Originally Posted by UCSF2012
It's like you've never hit with a tennis racket and over time have the frame die on you. It's like you've never strung a racket, and have the graphite cave in as the machine is pulling on the string. There's a difference between traditional graphite and ultra high modulus graphite. My claims are "ridiculous" to you, because you've never made the observations many of us have. You theorize without observation.
This isn't about graphite in rackets. Modern rackets are still made of graphite. It's about traditional graphite versus ultra high modulus graphite. They're both graphite, but they have different properties. Ultra high modulus doesn't seem to fatigue as quickly (unless you add basalt to them, in which case it may die faster.)
EDIT: I misspoke when I said "loses flex." I meant to say that it gets more flexible.
What do I know, anyways... Only worked on a team that designed about $50,000,000.00 worth of composite products...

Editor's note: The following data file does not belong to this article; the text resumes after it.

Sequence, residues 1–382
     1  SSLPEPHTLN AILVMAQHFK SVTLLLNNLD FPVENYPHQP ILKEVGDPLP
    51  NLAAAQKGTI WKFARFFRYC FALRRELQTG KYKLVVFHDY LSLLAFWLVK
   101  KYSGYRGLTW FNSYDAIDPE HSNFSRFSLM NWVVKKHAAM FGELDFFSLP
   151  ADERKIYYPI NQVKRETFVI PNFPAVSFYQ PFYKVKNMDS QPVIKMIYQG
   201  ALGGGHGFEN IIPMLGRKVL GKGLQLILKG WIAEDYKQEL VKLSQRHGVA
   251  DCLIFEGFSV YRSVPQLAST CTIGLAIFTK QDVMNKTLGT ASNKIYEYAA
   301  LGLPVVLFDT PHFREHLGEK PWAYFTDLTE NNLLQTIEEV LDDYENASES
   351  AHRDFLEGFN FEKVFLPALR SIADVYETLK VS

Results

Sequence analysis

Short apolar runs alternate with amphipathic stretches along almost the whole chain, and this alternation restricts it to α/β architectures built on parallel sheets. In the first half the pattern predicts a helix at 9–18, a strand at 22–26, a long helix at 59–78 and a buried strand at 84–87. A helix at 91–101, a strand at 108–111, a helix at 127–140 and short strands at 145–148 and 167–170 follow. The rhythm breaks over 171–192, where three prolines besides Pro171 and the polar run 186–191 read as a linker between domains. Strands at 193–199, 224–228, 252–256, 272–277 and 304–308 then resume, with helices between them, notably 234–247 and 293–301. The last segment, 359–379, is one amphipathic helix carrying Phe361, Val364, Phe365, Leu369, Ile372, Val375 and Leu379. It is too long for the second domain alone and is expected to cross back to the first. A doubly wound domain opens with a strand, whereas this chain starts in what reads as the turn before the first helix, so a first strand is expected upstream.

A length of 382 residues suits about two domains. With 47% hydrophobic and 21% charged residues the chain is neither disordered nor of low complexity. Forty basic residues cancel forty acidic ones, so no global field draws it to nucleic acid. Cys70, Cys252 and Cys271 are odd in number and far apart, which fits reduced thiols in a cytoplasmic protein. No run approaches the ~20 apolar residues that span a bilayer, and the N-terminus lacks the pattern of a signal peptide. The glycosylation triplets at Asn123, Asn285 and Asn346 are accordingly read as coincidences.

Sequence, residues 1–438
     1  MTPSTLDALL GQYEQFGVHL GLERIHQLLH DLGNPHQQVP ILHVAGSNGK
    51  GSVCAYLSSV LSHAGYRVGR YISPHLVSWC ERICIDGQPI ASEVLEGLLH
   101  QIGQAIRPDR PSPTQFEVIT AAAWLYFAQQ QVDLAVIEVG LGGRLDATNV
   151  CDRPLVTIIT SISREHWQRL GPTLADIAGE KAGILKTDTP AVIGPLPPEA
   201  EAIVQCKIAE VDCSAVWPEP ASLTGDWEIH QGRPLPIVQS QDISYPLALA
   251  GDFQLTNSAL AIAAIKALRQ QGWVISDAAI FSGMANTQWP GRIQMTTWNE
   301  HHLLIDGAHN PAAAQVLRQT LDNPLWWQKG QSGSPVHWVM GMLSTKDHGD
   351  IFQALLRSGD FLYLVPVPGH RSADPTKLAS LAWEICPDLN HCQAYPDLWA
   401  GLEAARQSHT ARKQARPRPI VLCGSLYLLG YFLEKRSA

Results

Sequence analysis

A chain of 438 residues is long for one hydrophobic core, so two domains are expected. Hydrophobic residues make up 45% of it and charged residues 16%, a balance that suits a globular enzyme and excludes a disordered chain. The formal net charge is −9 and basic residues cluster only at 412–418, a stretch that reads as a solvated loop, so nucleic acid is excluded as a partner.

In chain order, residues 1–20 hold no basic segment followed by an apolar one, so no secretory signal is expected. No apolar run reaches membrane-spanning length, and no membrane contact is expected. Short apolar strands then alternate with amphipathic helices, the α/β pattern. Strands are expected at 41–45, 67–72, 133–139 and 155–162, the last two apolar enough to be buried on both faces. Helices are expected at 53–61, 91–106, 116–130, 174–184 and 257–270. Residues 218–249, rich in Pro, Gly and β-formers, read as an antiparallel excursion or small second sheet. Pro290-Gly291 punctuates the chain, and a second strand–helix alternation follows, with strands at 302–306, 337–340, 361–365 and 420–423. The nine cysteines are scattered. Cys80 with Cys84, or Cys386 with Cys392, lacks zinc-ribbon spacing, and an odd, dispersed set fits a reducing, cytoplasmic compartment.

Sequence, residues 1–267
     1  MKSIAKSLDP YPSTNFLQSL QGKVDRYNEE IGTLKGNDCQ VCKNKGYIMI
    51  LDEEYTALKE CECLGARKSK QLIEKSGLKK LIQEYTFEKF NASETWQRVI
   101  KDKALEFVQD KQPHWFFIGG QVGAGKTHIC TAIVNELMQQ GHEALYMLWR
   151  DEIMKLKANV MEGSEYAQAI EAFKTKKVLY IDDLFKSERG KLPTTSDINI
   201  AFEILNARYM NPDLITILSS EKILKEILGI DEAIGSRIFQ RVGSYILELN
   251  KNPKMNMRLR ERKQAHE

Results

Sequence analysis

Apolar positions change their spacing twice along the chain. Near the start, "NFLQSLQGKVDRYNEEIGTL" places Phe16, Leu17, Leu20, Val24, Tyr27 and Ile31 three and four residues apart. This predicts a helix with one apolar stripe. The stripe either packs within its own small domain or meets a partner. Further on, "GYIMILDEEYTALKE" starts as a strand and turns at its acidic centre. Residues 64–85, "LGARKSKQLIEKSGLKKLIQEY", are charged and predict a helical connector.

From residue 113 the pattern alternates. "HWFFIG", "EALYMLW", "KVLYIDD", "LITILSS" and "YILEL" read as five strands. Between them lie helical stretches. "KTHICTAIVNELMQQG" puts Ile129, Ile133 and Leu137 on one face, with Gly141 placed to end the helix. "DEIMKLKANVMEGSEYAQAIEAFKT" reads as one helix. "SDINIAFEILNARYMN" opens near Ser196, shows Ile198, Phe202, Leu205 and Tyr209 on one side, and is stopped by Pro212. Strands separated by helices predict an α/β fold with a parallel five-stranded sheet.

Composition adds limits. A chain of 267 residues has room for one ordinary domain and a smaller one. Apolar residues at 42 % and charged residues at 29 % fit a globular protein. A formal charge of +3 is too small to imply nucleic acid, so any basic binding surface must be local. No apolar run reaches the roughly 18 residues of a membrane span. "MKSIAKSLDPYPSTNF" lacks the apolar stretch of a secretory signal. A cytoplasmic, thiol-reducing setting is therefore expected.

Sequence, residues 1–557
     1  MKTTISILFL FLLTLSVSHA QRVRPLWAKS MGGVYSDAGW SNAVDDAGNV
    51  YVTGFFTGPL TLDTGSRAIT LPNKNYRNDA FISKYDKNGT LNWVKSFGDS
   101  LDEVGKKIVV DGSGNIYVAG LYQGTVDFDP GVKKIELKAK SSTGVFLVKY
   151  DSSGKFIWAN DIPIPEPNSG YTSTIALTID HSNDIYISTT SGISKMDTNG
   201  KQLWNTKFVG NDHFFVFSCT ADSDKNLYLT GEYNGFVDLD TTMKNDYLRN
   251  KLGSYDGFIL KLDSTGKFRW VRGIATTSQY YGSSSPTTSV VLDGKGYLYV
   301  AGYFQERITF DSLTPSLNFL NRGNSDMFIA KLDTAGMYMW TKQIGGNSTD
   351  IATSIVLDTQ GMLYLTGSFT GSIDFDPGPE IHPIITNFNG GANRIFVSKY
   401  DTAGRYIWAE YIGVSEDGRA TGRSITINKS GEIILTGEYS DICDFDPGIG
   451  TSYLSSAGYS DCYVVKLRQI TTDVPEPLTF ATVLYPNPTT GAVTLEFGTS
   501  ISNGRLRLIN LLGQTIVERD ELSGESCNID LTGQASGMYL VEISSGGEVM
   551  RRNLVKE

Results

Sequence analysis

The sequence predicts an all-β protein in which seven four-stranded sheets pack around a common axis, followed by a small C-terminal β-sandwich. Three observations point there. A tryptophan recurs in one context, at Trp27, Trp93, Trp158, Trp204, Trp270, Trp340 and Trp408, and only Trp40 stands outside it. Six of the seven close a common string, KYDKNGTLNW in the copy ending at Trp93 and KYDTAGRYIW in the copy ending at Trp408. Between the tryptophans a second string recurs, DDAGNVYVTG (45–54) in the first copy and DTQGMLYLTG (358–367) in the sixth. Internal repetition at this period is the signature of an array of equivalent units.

A product built to the same stifness spec out of higher modulus fiber, will fail quicker then the counterpart built in lower modulus fiber, for a simple reason - less material used in the high modulus product.
A produst built to the same stifness spec using higher beam, will fail before the the counterpart with lower beam - again, more material in lower beam.
A beam built with a core will outlast the hollow beam, for better load distribution.
All of above is especially true for point loading and impact related failures. Those are the major rasons for failure of the racquets, which is sometimes perceived as fatigue...